The angles are about 1/2" wide and 3" on each leg.  I used the top holes in the angles and the top holes in the GPS mount, and then redrilled the bottom holes in the angles to line up with the holes in the GPS mount.  On my first try I did it the opposite way to keep the GPS mounted lower, but because of the way that the GPS pivots into the mount it was too low and I had to start again.  All of the hardware was given a couple of coats of satin black Rustoleum and it was good to go.

All of the hardware came from Lowes and cost about $5 or so.  The GPS mount is $20 from Garmin and the Pat Walsh Radar Shelf is $29.&nsbp; Total cost is about $54, however you will also need the audio and power cable from Garmin to power the GPS.  That is one expensive cable to!  You can get it with the GPS mount for $50 (Garmin part #010-10495-00) or separately for $34.98 (Garmin part #010-10495-02)  That is a ridiculous price, but they pretty much have you over a barrell if you want to wire it to a bike.

The Garmin power and audio cable needs a little more discussion.  First, as mentioned above, the price is ridiculous.  $35 for a cable is a joke, but you don't have a lot of choice.  The connector that goes to the GPS is some sort of proprietary connector and finding one like it would be difficult, so just bite the bullet and get one.  Next, the audio connector is a 3/32" mono connector.  It is compatible with most ear plugs for cellular phones, but if you use stereo "Ear Buds" you will most likely need a 3/32" to 1/8" adapter.  Since it is mono and not stereo you are not going to get stereo sound from it, only mono.

Here is what I did:  First, I chopped the audio connector off of the cable.  I spliced some shielded cable onto it to get back to my seat and then put a 1/8" stereo connector there to mate with my ear buds.  I connected both the left and right channels of the stereo connector to the single mono channel of the cable so at least I get sound in both sides even though it isn't stereo.  If you choose to go this route you'll find four wires when you cut the connector off.  Two of them (red and black) don't connect to anything and will pull right out of the cable.  The brown wire that is remaining is the audio signal and the white is ground.  Connect the brown wire to both the left and right channels of your ear plug connector (the tip and mid ring) and the white to the ground (the barrell) and you'll have decent sound.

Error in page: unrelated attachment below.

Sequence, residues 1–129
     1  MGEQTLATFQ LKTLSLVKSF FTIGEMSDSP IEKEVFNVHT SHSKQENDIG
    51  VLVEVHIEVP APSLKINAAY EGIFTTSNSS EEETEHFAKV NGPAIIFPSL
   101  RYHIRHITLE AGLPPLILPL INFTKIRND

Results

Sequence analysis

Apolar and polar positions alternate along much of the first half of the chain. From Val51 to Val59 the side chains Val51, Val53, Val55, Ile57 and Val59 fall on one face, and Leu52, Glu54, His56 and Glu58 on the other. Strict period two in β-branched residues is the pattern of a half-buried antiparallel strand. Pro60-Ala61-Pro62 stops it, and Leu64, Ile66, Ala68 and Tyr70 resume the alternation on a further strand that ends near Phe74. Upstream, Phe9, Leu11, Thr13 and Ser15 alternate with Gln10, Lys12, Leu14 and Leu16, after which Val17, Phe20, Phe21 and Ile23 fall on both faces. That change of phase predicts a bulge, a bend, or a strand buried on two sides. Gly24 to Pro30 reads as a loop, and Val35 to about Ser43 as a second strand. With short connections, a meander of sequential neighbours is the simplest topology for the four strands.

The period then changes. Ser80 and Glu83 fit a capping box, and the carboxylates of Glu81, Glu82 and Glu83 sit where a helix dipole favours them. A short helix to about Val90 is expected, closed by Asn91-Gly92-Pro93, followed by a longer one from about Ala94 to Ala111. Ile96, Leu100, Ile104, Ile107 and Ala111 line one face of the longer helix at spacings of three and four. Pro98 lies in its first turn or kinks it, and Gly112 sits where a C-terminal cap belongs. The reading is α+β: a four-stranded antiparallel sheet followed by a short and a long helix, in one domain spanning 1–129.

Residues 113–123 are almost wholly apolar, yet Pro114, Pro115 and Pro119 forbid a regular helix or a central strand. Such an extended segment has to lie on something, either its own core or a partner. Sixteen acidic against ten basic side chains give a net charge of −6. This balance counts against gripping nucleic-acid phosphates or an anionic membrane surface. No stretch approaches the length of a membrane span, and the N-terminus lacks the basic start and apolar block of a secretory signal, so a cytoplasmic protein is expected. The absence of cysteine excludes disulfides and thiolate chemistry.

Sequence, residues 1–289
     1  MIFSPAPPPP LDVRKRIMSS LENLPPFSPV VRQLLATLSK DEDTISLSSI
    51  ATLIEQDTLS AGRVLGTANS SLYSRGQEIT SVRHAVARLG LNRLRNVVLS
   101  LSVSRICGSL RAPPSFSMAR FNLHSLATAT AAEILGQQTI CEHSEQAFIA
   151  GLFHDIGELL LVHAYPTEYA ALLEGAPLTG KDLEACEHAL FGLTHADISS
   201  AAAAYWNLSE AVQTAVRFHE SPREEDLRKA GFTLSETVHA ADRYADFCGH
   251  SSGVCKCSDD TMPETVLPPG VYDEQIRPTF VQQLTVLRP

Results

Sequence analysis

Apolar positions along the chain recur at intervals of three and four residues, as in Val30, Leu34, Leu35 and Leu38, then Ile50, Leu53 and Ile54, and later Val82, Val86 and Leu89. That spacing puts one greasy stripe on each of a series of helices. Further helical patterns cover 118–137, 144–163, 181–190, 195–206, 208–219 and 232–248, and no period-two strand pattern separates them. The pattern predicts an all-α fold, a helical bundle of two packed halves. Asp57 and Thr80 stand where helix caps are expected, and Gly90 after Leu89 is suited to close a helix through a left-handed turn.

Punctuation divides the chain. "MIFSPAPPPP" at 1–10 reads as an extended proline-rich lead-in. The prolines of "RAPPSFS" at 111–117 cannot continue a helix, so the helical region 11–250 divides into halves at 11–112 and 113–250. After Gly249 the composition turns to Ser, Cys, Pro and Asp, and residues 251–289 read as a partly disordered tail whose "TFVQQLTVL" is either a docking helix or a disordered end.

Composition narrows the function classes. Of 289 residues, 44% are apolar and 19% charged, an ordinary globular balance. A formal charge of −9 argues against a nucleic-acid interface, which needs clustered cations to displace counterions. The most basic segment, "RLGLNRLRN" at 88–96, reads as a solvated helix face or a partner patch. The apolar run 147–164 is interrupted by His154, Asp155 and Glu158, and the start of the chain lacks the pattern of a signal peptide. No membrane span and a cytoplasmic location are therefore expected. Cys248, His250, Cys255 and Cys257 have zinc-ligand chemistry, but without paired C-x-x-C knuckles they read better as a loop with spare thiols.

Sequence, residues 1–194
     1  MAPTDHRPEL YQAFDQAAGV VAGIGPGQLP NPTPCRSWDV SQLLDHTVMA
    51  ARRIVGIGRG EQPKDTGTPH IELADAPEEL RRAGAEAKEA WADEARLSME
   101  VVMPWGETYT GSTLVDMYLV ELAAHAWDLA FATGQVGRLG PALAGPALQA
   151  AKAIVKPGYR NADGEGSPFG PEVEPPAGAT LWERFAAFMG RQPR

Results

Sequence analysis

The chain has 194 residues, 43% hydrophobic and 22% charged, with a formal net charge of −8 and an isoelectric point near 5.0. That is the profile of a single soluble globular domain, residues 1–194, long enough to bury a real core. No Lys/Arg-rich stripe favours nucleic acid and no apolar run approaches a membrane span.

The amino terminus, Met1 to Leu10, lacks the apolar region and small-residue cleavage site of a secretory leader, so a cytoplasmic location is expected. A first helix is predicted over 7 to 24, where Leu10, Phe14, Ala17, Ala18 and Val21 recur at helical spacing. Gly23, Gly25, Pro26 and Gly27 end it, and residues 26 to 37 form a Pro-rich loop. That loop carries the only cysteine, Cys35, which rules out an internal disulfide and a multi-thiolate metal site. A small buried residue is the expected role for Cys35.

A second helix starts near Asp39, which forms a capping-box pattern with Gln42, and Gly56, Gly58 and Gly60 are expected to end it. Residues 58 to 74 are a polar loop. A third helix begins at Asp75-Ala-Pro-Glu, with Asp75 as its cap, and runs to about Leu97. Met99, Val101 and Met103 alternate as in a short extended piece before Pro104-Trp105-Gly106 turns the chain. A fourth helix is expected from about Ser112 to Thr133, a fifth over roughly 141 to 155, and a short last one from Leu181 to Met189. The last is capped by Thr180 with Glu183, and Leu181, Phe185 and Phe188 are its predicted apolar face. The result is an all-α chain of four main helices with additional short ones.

One advantage to using this particular Garmin mount as opposed to the one included with the GPS is that the motorcycle mount has a little "Security Screw" in the top that makes it more difficult (but still not impossible!) to steal the GPS.  It is a Torx-style screw that has a pin right in the center that prevents a standard Torx screwdriver from working.  Garmin provides a small screwdriver with the mount that can be carried on a key ring or left on the bike somewhere.  Just don't lose it!

One disadvantage to using this mount is that there are still some vibrations in the GPS.  The steel that the shelf is made from is not terribly thick and is only supported by the ends.  In all fairness to Pat Walsh though, the shelf was never designed to hold a device as large as this GPS, it was designed for radar detectors.  I added a stiffener on the bottom of the shelf but even so the GPS still does vibrate some.  I'll probably try to find a way to support the center of the shelf to help some.

As mentioned above, I do have a stiffener installed underneath the shelf.  Since I put it on before I installed this mount I'm not sure how much it helps dampen the vibrations, but I'm pretty sure it does contribute a great deal.  The Garmin 2820 is somewhat heavy and the radar shelf is not that stiff.  Additionally, since it is only connected at the ends the center has no support.  You may find that you need more support than the shelf alone provides to dampen vibrations.  Even with the stiffener there are still some significant vibrations, especially on rough pavement.

My stiffener is made from a short piece of 3/4" x 1/8" thick aluminum angle from Lowes.  I cut it so that it would fit as wide as possible on the shelf (you can't just go from edge to edge since the instrument panel of the V-Strom is in the way).  I cut the front side of the angle so that it cleared the dash but left as much on as I could.  I then bolted it to the radar shelf using 4 small bolts and nuts.  A couple of coats of satin black Rustoleum and it's not even noticeable.

Also note that the Garmin part numbers are the same as for the Garmin Street Pilot 2610 and Street Pilot 2720, so this should work fine with them as well.

Finally, one last note: The Pat Walsh radar shelf does not come with the rubber edging that is shown in the photos above.  That is a piece of vacuum hose I split down the center and put along the edge.  I prefer it to the sharp edge left on the shelf.

Copyright © 1997-2016, Scott A. Craig, All Rights Reserved